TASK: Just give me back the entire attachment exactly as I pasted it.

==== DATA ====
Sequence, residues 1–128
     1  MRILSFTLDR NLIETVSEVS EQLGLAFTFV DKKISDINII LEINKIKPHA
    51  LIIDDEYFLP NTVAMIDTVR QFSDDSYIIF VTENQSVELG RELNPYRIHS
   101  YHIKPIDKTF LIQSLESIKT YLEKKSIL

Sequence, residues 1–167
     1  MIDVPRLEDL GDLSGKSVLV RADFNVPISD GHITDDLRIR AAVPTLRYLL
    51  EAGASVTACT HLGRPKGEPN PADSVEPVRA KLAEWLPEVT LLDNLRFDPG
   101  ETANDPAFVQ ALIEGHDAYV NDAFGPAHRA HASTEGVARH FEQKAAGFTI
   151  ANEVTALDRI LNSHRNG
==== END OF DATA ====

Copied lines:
Sequence, residues 1–128
     1  MRILSFTLDR NLIETVSEVS EQLGLAFTFV DKKISDINII LEINKIKPHA
    51  LIIDDEYFLP NTVAMIDTVR QFSDDSYIIF VTENQSVELG RELNPYRIHS
   101  YHIKPIDKTF LIQSLESIKT YLEKKSIL

Sequence, residues 1–167
     1  MIDVPRLEDL GDLSGKSVLV RADFNVPISD GHITDDLRIR AAVPTLRYLL
    51  EAGASVTACT HLGRPKGEPN PADSVEPVRA KLAEWLPEVT LLDNLRFDPG
   101  ETANDPAFVQ ALIEGHDAYV NDAFGPAHRA HASTEGVARH FEQKAAGFTI
   151  ANEVTALDRI LNSHRNG